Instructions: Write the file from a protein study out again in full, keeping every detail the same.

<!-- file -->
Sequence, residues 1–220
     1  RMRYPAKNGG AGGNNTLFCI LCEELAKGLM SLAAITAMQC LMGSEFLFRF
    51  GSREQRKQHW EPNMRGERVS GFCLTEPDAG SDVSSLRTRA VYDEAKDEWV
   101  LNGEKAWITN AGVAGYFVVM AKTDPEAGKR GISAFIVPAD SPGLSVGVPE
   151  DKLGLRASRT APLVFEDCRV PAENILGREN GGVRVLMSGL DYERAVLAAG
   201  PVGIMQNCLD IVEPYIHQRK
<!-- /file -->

Sequence, residues 1–220
     1  RMRYPAKNGG AGGNNTLFCI LCEELAKGLM SLAAITAMQC LMGSEFLFRF
    51  GSREQRKQHW EPNMRGERVS GFCLTEPDAG SDVSSLRTRA VYDEAKDEWV
   101  LNGEKAWITN AGVAGYFVVM AKTDPEAGKR GISAFIVPAD SPGLSVGVPE
   151  DKLGLRASRT APLVFEDCRV PAENILGREN GGVRVLMSGL DYERAVLAAG
   201  PVGIMQNCLD IVEPYIHQRK